The headstock is the signature of any guitar. It is the shape that defines both the builder and the guitar itself. We have designed our signature headstock shape to be an instant classic that is radical enough to go on the most extreme metal guitar and classy enough to go on a classic blues guitar.
Pasquale has engineered a design called the Bayonet Headstock. While we can offer any make and shape of headstock on any custom guitar, our signature headstock accompanies all of our Modern Stats and our Metal Series of guitars.
There is a direct correlation between the angle of the headstock and the stability of a guitar. We offer three types of headstock angles. Each option has its advantages and disadvantages so be sure to read carefully and thoroughly when making a decision.
The main advantage to the flat headstock is the tuning stability. This is the most stable headstock type because the wood across the neck, the nut, and the tuners are all one piece. There is no angle cut into the wood to weaken it. Wood will expand and contract with different temperature changes and angles in the wood combined with string tensions can cause problems. But, since the wood across the neck, the nut, and the tuners are one component, the tuning is much more stable.
The main disadvantage to the flat headstock is that it does not allow adequate string tension across the strings meaning string trees have to be used on the higher strings for non locking tremolo guitars. This can cause some tuning issues since strings may snag on the trees. We use Graphtech TUSQ XL string trees to compensate for this.
We use this option as stock on all of our Fixed Bridge and Locking Tremolo guitar models.
7 ½ Degree Angle Headstock
A 7 ½ degree angle allows for adequate and evenly distributed string tension across all strings without the need to use string trees. This slight angle does not cause excessive tension at the nut which results in erosion of the nut eventually leading to tuning issues. This allows for a much smoother response from a tremolo unit and helps assure the proper return to pitch.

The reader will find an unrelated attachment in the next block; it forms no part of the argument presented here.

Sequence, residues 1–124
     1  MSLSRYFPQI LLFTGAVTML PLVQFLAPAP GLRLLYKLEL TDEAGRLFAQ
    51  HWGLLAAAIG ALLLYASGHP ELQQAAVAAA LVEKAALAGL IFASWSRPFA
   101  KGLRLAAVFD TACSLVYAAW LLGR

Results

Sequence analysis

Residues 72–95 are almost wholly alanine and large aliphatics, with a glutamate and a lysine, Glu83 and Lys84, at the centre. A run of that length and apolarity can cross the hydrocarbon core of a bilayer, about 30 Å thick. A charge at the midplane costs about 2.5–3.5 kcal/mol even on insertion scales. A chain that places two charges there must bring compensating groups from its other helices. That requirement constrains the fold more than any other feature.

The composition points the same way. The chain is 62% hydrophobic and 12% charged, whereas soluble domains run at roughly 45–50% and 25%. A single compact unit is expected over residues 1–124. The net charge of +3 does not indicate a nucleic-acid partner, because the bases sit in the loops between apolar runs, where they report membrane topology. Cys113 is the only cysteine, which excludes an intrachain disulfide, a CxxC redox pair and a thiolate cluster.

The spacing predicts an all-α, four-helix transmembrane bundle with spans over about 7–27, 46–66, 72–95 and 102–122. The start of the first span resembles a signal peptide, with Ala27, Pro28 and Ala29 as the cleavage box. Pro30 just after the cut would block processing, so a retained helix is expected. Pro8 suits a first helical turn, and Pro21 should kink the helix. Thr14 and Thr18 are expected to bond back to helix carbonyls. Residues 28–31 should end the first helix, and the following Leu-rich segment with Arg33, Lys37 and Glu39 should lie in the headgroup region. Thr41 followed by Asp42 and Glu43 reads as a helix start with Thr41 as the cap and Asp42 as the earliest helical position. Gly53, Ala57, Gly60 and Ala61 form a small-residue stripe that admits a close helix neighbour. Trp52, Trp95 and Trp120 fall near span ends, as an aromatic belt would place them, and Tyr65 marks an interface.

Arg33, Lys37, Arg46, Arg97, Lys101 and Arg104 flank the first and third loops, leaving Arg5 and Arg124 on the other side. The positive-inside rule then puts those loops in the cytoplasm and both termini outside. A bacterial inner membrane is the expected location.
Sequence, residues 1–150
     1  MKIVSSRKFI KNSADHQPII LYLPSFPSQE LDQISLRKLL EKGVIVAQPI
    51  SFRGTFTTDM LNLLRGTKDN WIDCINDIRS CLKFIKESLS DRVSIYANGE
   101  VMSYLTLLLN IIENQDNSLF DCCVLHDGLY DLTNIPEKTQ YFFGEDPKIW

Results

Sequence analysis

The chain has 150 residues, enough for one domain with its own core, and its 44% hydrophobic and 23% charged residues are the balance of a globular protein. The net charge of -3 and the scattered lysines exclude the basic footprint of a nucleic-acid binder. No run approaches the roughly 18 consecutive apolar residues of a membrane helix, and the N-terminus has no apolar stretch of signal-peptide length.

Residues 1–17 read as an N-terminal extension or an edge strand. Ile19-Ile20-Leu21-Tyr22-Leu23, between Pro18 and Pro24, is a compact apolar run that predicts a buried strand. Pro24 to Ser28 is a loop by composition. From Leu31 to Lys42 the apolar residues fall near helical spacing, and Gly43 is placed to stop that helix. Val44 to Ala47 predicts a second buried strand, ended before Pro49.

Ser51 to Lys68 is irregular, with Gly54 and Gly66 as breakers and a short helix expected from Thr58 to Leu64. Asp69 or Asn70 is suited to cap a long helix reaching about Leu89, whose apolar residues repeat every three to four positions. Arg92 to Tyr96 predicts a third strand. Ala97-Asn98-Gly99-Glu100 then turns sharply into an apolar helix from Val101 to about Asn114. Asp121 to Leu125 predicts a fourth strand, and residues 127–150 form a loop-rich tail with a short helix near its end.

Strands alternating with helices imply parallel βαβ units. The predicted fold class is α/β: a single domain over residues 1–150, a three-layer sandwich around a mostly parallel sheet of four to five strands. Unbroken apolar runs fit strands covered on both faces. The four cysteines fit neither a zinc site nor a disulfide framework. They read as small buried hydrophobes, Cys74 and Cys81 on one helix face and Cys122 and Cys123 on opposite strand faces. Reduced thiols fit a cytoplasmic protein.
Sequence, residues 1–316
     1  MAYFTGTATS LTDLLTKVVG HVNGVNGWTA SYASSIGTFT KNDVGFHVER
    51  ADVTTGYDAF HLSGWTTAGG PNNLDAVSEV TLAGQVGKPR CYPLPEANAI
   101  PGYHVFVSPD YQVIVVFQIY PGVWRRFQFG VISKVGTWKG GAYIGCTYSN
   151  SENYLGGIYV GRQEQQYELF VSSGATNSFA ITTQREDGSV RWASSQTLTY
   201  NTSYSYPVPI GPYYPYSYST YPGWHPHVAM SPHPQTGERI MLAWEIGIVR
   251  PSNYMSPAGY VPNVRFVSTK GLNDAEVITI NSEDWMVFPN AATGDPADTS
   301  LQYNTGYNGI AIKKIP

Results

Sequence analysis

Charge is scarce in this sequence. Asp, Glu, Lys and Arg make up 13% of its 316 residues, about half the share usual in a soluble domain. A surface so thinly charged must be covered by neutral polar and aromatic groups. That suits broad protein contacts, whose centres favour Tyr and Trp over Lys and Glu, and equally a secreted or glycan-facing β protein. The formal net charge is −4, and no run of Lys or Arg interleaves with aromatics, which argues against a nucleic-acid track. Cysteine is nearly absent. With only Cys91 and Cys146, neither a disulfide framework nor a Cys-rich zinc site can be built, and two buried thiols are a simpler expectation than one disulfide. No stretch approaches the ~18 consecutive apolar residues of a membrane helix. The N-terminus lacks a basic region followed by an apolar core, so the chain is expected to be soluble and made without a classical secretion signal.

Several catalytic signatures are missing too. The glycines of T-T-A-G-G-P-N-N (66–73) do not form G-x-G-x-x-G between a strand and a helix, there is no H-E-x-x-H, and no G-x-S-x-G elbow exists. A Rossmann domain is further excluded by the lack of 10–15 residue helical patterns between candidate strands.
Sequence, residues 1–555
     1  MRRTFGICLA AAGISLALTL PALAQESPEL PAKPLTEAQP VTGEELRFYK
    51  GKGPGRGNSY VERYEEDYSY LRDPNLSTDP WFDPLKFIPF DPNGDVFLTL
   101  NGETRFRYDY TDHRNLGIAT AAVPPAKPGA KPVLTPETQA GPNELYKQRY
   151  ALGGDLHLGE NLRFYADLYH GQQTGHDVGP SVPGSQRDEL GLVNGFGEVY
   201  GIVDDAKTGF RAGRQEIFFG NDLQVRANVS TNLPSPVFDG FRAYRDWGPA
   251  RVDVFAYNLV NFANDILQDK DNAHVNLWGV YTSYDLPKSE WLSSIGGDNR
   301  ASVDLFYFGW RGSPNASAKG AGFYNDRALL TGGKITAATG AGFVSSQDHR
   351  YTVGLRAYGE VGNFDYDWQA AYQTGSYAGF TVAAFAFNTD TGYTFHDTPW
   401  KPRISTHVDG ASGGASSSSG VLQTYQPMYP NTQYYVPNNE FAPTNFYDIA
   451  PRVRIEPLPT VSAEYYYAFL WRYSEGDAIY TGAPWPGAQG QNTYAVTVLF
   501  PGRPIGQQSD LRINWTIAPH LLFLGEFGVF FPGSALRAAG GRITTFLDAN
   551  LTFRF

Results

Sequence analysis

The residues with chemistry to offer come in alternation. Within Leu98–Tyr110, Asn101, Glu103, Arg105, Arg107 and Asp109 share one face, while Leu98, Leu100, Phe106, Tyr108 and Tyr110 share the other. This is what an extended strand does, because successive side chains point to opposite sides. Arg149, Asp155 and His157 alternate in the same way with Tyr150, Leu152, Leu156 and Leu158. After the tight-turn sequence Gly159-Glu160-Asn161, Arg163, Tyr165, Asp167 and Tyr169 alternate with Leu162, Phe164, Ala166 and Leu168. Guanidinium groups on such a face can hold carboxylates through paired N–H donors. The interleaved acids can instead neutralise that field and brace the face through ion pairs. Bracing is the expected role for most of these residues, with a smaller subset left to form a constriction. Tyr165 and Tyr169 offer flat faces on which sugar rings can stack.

We use this option on all of our Non Locking Tremolo guitar models.
11 Degree Angle Headstock
This is the most common headstock angle on the market today. It is the angle utilized by Gibson, Ibanez, and Jackson guitars. We offer it due to its popularity and quite frankly, it looks really cool.
The origin of this angle traces back to the Les Paul. The Les Paul was a solid body version of a Gibson acoustic guitar which had an 11 degree angle on the headstock. This was needed to create string tension across the nut to keep the strings in the nut slots.
The 11 degree angle headstock worked very well with the Les Paul’s fixed bridge. Eventually, the tremolo units were introduced on the early Fender Stratocaster guitars. The 11 degree angle was too steep to use on a tremolo unit because it would cause too much tension across the nut and bring excessive wear which would cause the strings to snag and become out of tune. This is why Fender used flat headstock angles on their guitars.
In the mid 1980’s, Floyd Rose introduced a radical new concept called the “locking nut”. It clamped the strings at the nut and kept them stationary so they wouldn’t snag and lose their tune. This concept alone revolutionized the way guitars were designed. Since the strings clamped at the nut keeping the tension throughout, guitars no longer needed angled headstocks or string trees to create tension.
The 11 degree angle does not enhance advantages over a 7 ½ degree angle but it holds a larger disadvantage. The angle is steeper therefore leaving the neck weaker and more prone to movement during changes in temperature and humidity. Nonetheless this is a commonly requested headstock angle. When I ask a client why they want this angle the answer is typically the same…”because it looks cool!”
Who am I to argue with that?